The Daily Brew

Thursday, July 18, 2002:

Gephardt finally gets a clue.

"House Minority Leader Richard Gephardt (D-Mo.) has told senior Democrats that the party could pick up as many as 40 House seats if the continuously unfolding corporate scandals can be kept on the political radar screen until November, according to sources."

This is THE game, fellow web warriors. If the Democrats can keep the GOP on defense with the corporate scandals, we are in fat city.
Common Sense // 7:52 PM


Common Sense // 7:38 PM


Tuesday, July 16, 2002:

Two years ago, when Al Gore spoke at the Democratic National Convention, he switched rhetorical gears and embraced a populist message. "I will fight for you." As any of you who might have been reading the brew at the time might remember, I cheered. I wrote that this was the message that would carry him to victory, and I was right. Gore saw an immediate pop in the polls that put him ahead of Bush, and as we all know, he eventually won only to have Florida and the election stolen from him by the Supreme Court.

But not everyone agreed with me, particularly guys like Al From at the DLC. Thankfully, the Economist has written a
piece that points out that Gore's populism was not only effective, but prescient as well, which will serve him well when he kicks Bush's ass in 2004. I strongly suggest anyone who cares about the direction of the Democratic Party read it. I also suggest that anyone who thinks Joe Lieberman ought be on the ticket with Al in 2004 had better think about it some more.
Common Sense // 7:29 PM


Sunday, July 14, 2002:

Is 9/11 far enough in the rearview mirror that we can reflect on the motivations of terrorists without being branded one ourselves?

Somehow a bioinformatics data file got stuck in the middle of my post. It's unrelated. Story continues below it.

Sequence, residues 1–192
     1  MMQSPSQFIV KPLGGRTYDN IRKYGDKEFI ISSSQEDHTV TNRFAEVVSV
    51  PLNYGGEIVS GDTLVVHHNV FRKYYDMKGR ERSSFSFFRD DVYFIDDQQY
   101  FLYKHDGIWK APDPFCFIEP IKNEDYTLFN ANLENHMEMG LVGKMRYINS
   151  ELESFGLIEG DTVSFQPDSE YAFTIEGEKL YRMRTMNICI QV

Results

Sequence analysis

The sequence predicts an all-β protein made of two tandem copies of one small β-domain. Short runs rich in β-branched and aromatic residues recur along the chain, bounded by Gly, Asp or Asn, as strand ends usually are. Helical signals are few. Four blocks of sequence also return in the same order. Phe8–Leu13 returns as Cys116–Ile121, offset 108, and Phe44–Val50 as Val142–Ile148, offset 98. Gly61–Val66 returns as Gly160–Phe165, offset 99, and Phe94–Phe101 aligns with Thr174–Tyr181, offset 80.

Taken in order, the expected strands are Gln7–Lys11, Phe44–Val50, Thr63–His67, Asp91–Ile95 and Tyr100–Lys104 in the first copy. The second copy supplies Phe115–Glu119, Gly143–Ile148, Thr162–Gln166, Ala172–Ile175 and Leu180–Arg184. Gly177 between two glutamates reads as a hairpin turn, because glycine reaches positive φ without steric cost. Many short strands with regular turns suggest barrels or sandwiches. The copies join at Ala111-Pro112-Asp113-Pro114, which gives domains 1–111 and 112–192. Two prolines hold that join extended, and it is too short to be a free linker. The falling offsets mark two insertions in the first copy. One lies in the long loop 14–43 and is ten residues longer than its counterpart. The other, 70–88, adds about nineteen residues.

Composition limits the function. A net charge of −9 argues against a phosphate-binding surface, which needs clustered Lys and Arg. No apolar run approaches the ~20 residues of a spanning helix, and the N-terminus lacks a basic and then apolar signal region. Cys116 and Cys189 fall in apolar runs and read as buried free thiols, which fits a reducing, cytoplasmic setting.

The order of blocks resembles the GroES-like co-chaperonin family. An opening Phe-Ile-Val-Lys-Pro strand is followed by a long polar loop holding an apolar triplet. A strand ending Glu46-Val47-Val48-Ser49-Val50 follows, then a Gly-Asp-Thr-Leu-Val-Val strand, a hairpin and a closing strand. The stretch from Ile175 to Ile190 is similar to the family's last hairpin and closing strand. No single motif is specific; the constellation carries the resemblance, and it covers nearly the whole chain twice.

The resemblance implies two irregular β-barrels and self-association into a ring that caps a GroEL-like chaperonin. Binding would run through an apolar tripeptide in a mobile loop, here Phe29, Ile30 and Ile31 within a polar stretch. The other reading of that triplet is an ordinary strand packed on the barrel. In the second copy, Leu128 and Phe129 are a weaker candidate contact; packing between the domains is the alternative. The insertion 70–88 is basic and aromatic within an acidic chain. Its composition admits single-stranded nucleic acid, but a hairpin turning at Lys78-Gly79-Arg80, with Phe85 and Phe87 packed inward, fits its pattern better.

I certainly hope so, because there do seem a few points worth mentioning that haven't really been given much press.

Remember when Bush said that the terrorists "hated us for our freedom"? Well, if that's true, then they ought to love Bush, because between the hearingless and lawyerless detentions of various US citizens at military bases and the take-away-your-freedom PATRIOT Act, the Bush administration has done more to destroy freedom in the US than anyone in a long time. On the other side of the coin, the US in general, and the Bush's in particular, have also been instrumental in destroying freedom in Saudi Arabia, which is either the most fertile ground for breeding terrorists or a close second.

Consider for a moment that Saudi Arabia is one of the most brutal and oppressive places to live on the planet. The ruling family condones criminal punishments ranging from public beatings to amputations and beheadings for crimes ranging from petty theft to drug use. Women in particular are harshly abused in the Kingdom, where they are not allowed to do anything as simple as driving a car.

Obviously, religious fundamentalism has a great deal to do with these aspects of Saudi life, but only a fool would believe that moderate forces do not also exist within Saudi Arabia. How is it that these forces have not been able to make a dent in Saudi society? Well, that is pretty simple. In exchange for cheap oil, the ruling family of Saudi Arabia has been propped up for years by the US. The Bush family are longtime business associates of the ruling family, so Bush's claim that they "hate us for our freedom" must ring pretty hollow to your average Saudi intellectual.

Common Sense // 6:55 PM


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